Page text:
(HOST) One insect in particular seems to embody the ephemeral quality of spring in Vermont – especially if you enjoy fly fishing – and commentator Ted Levin says it’s not the mostquito or the black fly.
(LEVIN) Recently, I stood at the edge of the Post Mills Little League field packing batting helmets, while a small gathering of brown mayflies began landing on my ballplayers. Each was one and-a-half inches long and held transparent wings at right angles to its body, butterflylike. Three long, flowing tail filaments swept up from the rear. They weren’t troubled by our repeated examination of them and may have actually preferred being handled to being buffeted by the wind, which had been strong enough to effect the flight of fly balls.
The mayflies, which had just emerged from Lake Fairlee, the first hatch I’ve seen this spring, belong to a primitive order of insects that evolved before the Age of Dinosaurs. They are Earth’s oldest surviving flying insects and have changed little since the days of the steamy Carboniferous. Mayfly nymphs are gill-breathing creatures that burrow into river and lake bottoms, tilling the mud. Densities of up to 10,000 per square meter convert rivers and lakes into bottom-feeder smor- gasbords, which feed all manner of aquatic life. In preparation for flight, the nymphs had risen to the surface of Lake Fairlee where they were met by squadrons of perch and walleye and trout.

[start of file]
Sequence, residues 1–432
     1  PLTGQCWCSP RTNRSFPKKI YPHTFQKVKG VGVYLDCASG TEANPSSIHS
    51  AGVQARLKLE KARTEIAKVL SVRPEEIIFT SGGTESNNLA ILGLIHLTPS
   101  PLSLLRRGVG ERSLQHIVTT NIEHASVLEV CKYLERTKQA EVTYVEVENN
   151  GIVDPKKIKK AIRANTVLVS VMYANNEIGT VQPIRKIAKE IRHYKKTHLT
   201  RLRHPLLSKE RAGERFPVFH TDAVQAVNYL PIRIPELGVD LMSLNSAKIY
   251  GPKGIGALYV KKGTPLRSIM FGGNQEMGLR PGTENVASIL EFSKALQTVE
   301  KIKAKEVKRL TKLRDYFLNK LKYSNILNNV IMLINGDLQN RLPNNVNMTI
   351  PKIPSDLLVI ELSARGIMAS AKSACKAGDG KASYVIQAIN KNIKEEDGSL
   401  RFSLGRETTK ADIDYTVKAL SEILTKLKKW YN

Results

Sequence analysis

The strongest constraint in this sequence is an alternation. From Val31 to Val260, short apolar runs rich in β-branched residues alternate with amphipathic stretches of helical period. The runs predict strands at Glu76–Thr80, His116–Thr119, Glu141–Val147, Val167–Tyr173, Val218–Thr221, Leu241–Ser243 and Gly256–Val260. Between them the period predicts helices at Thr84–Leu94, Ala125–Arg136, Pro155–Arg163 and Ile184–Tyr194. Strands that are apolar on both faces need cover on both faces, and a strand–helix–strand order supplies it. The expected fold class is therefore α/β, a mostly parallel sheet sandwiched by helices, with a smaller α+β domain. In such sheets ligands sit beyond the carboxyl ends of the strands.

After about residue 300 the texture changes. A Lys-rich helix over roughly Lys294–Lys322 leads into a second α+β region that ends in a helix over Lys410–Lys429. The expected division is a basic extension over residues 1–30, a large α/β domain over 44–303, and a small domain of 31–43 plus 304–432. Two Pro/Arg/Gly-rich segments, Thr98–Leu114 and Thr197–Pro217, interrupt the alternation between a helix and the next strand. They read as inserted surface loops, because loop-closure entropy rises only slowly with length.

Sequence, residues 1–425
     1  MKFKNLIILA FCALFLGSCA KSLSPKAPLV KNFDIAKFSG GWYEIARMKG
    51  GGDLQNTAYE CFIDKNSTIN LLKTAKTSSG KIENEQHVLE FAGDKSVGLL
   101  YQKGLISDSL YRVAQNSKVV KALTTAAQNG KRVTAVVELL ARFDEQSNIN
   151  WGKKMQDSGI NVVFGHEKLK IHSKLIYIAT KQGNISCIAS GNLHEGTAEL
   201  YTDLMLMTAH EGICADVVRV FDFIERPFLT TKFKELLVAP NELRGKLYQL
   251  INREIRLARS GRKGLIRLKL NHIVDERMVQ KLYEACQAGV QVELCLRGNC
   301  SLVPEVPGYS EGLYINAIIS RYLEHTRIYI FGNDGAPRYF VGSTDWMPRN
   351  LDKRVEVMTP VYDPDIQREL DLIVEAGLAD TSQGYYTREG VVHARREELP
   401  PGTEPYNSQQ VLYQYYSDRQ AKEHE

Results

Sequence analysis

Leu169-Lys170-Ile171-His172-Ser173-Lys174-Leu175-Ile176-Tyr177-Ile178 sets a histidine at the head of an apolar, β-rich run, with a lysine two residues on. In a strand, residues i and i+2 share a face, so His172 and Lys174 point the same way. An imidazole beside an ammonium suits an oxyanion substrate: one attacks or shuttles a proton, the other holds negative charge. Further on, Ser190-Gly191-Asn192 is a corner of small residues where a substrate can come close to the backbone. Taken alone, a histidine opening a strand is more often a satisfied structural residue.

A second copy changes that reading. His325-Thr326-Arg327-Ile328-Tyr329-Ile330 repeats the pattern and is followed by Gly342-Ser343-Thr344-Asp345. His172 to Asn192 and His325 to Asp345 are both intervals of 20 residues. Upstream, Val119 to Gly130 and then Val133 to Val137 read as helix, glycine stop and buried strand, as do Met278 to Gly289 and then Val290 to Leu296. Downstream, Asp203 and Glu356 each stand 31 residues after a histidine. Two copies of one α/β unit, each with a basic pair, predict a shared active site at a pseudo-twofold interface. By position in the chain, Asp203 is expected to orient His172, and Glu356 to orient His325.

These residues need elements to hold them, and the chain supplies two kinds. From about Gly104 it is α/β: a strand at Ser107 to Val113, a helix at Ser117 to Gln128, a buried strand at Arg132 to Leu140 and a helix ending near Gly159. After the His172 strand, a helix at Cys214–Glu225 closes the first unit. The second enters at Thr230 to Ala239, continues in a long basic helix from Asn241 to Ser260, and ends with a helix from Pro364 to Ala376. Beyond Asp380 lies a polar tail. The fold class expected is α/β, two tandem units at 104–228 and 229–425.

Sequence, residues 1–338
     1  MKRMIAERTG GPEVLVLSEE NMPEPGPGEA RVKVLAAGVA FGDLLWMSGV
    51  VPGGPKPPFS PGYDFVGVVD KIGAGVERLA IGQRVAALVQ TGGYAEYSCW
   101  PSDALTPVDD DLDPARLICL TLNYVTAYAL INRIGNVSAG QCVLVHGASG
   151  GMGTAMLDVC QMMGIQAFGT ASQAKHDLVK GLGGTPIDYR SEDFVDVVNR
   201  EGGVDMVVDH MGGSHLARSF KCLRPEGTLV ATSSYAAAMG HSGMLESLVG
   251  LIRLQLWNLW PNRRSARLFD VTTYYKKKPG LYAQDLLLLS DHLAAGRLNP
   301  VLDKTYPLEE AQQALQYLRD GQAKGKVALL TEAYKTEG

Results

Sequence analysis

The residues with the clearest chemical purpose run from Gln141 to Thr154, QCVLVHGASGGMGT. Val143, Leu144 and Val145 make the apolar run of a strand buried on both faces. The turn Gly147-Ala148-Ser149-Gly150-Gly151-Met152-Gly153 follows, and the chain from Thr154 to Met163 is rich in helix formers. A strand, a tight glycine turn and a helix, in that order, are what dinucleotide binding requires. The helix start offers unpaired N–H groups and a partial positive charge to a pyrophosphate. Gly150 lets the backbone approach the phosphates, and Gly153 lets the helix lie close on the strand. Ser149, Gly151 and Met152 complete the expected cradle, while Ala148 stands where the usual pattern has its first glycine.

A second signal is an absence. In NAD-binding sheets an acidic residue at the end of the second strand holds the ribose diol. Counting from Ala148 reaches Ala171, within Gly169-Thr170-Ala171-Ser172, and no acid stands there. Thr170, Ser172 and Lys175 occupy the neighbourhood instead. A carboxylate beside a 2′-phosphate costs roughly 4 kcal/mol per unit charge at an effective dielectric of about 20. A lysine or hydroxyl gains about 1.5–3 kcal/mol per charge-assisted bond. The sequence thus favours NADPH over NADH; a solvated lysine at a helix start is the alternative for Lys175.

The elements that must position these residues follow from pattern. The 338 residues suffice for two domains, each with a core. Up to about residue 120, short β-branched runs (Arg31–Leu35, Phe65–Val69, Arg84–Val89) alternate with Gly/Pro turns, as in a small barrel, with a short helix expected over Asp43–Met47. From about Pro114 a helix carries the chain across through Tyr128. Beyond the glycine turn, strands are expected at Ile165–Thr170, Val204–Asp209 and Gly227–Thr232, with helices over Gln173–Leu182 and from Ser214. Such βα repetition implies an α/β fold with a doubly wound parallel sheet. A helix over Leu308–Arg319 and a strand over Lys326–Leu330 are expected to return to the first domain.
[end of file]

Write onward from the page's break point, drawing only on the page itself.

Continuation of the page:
The mayflies that clung to the ballplayers were not adults. They’re subimagos, or subadults, known to flyfisherman as dun. Within 24 hours, the dull colored subimago molts into a mature mayfly, the only insect to molt after its wings are functional.
Dun or adult, when airborne, mayflies attract birds – swifts, swallows, martins, nighthawks, flycatchers, even woodpeckers – which feast on the delicate, soft-bodied insects. Bats, toads, frogs, shrews, dragon- flies and spiders also take a toll. Keeping ahead of the mayfly hords, however, is like beating the enemy in Pac Man; they just keep coming.
One June evening more than 30 years ago, I drove through a swarm of mayflies freshly emerged from the Mississippi River. My windshield wipers could not keep pace, so I pulled into a gas station. Windrows of carcasses, some five and six inches deep, gathered alongside the station, piled against buckets and the wheels of parked cars, covered window sills and decorated spider webs, whose owners prospered from the annual banquet. The “hatch”, I was told by an attendant, was one of the defining events of life along the Mississippi River.
An adult mayfly never eats. Like a battery, it lives off a charge of energy stored as a nymph. Beautiful and ephemeral, adults survive a day or two before their bodies rain on riverine woods, providing a huge pulse of fertilizer. Like water cycling between heaven and earth, mayflies cycle nutrients between water and land. Some towns along the Mississippi River use snow plows and sanding trucks to keep traffic moving across bridges slick with carcasses.
I recently came across a British website, whose owner proclaimed the best brief biography he’d ever read was written for a mayfly. It amounts to: Born. Eat. Mate. Die.
This is Ted Levin of Coyote Hollow in Thetford Center.
Ted Levin is a writer and photographer and winner of the 2004 Burroughs Medal for Nature Writing. He spoke from our studio in Norwich.